3. Reasonable people can differ about what the government's proper role in funding anything is. It's worth noting that in Europe, where many governments do subsidize art, there is a far greater appreciation for (and market for) art music (and art generally) than you find in this country.

A note on "learning how to argue": if you're the sensitive type who doesn't like being told that someone thinks your ideas are ridiculous, perhaps you should refrain from telling people that their support for public funding for the arts suggests that they would be comfortable supporting a police state. It keeps thing more polite.

AnthonyS said...

Argh, I've been in faculty meetings for five days and totally missed all of this.

In any event, what Aaron said (nicely played, sir).

cereal_music said...

Much better, Aaron- thank you.

If you all may be so kind to entertain for a moment longer this slightly off-topic quarrel (I’m just trying to keep debate honest), and let me respond, you wrote, Aaron, in response to my “moral” hypothesis concerning taxation/theft:
This is a classic, and false, libertarian argument against taxation and government generally. Being a libertarian...
Do you have a reason why this is false or is it "just because?” And I must point out, without giving a reason you divert to a different subject, “spending of acquired tax money” which is distinctively different from the “morality of taxation.” But I will try to follow your argument.

Yes, it would be sophomoric if I said that we don't get anything from taxes. Many of the things you list we all support here, but there is a point were taxes are used unwisely and are unfairly administered. I'm not saying I know where that line is in every instance, but certainly we have the right to reach a consensus in this republic by majority rule about these issues. Is there a point were a government can steal from us through taxes? If not, then Robin Hood should be a boring story. Out of curiosity, should the government fund popular music? Why or why not?

Next you say concerning the New Deal Programs:
Their sustainability is beside the point.
NO IT IS NOT! It is precisely on that premise that I set my argument upon. At least, Aaron, you can try to dismiss this premise. Excusing it again, "just because," is poor debate, and this is two counts in the “Learn How to Argue” column. Tell us why monetary sustainability is not important to government programs, please.

Anyway, yes, Gustav argued well the point about copyrights and I agree with him (before and now). And I agree with your statement, "[r]easonable people can differ about what the government's proper role in funding anything is." I would guess that government funding of arts in Europe is simply an extension of a richer music tradition. The tradition of investment and interested in classical music existed well before “socialist” funding in the last century. That this funding is sustaining interest may be possible and at the same time be open to argument (I would argue against it in Europe as well- but I ain’t European ). That funding created the interest in the culture at large is probably not the case.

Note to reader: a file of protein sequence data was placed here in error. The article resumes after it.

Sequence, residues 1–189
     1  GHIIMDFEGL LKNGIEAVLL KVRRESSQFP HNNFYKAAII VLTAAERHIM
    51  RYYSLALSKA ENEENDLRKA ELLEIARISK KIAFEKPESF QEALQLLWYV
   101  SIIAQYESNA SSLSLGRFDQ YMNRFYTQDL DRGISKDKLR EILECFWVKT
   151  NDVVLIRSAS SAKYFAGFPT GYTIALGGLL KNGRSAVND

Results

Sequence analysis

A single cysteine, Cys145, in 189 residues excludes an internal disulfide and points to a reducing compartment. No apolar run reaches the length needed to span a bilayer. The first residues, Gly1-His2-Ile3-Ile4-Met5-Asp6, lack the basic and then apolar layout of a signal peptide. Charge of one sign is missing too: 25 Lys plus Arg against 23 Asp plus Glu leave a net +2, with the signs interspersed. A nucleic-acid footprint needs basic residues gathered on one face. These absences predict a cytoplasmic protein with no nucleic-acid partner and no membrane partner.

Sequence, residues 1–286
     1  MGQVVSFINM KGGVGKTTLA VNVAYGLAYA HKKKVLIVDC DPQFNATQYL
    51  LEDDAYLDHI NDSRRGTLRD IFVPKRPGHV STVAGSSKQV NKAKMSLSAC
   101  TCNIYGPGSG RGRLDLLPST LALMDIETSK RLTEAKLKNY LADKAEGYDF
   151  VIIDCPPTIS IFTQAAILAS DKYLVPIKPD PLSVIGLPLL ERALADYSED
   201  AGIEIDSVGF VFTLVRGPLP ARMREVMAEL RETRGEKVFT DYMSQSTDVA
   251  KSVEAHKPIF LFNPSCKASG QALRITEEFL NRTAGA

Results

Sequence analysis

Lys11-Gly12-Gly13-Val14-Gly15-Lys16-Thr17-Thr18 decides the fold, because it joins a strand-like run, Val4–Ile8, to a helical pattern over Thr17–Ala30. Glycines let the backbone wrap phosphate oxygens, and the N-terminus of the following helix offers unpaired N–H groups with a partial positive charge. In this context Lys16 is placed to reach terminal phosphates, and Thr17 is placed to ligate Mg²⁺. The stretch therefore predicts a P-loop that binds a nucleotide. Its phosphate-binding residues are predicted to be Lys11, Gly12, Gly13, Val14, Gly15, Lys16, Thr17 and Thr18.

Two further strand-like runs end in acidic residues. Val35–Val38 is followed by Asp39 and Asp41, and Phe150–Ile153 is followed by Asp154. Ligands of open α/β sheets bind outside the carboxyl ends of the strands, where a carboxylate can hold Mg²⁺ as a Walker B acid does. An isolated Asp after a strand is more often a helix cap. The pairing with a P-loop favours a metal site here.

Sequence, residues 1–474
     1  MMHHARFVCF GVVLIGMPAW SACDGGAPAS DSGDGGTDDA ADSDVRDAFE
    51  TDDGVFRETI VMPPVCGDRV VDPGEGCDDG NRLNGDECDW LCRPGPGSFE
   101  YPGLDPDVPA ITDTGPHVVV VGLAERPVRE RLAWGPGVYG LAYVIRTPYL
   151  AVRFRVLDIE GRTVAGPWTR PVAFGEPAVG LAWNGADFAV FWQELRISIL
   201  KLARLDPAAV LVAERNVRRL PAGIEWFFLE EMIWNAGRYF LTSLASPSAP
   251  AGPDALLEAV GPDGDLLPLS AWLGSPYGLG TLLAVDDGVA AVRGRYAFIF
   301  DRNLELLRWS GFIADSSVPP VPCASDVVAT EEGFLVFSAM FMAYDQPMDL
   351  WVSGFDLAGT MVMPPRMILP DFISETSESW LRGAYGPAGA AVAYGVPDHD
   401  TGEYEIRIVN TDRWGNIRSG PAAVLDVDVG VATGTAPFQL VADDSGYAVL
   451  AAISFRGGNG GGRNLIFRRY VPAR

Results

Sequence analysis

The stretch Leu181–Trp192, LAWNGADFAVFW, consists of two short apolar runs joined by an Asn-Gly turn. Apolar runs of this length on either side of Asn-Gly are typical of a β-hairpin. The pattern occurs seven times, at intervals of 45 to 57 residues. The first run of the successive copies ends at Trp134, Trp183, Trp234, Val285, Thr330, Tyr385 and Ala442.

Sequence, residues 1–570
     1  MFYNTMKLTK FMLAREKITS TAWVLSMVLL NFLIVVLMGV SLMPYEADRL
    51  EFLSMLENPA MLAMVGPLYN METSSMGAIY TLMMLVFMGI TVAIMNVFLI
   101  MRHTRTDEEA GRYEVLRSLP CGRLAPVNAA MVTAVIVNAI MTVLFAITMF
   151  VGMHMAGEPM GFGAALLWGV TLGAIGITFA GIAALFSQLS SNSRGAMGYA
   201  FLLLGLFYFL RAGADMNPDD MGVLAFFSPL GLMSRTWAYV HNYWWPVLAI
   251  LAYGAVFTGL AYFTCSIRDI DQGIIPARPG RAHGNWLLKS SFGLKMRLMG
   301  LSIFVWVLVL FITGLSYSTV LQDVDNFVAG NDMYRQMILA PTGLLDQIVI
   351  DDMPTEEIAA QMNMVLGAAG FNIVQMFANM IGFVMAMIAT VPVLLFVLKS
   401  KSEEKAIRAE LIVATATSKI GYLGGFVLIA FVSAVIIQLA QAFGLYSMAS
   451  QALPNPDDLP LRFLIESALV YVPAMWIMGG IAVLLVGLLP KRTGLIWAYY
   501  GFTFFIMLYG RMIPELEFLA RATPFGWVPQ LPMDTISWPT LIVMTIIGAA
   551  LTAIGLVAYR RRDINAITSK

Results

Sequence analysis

Finally, I'm not sensitive about my ideas. I'm just as ignorant as the next person from a postmodern perspective. Perhaps by your same argument you should refrain from suggesting that people in support of reasonable and restricted taxation (determined by "reasonable people') should live in an lawless (anarchist) states. I’m willing at this point to agree to disagree.

And AnthonyS, sorry we missed you- this was well played only if we were playing dodgeball!

Aaron said...

CM:

I think you're misreading my response on a couple of key points.

First, regarding the tax issue: Unless I'm misunderstanding, you claim that

"if someone takes money from another person without exchanging a commodity it's theft. Whether it's with a gun, knife, or with a vote doesn't make it "right".

This is not what taxation is; you yourself concede that the things I enumerated that we all get from taxes are things we all support. Taxation is not theft because any part of the community decides it doesn't like how the taxes, once collected, are spent by the government. They're logically distinct issues. Arguing about how much the government should collect, or on which programs the money should be spent, are not related to the question of whether taxation is legitimate in the first place. You concede that it is legitimate for some purposes. So taxation is not theft. Even if you don't want what the government provides with your tax dollars, you're still getting it. The taxes aren't being taken from you with you getting nothing in return.

Second, you misread my description of New Deal programs. My statement that "Their sustainability is beside the point" goes with the previous sentence regarding all those elements of the New Deal that are no longer in effect. Because they are not being funded, the sustainability of those parts of the New Deal aren't really part of the argument - and you could argue (as some economists do) that the value of those programs far outweighed whatever their cost was to the taxpayer. I never argued that "monetary sustainability is not important to government programs" - in fact I explained that the major pieces of the New Deal still in place are sustainable.

I mention the Russia thing because you started off the (arguably) as hominem argumentation; complaining about receiving the same treatment you dish out is, at best, poor form.

If you're interested in continuing this discussion - with apologies to SA and Empiricus, as it's really pretty far afield from the DR subject matter - I invite you to reread more carefully what I wrote and respond to what I actually argued, instead of taking a few sentences out of context to claim that I'm arguing something completely different.

cereal_music said...

Sorry, sorry, sorry SA and E for this, I will keep it to music in the future. I've started a thread on this at cerealmusic.blog.... Aaron, if you wish to continue. Your points are all taken here. Again, DR rules and I love the new layout! Thanks for your all your hard work.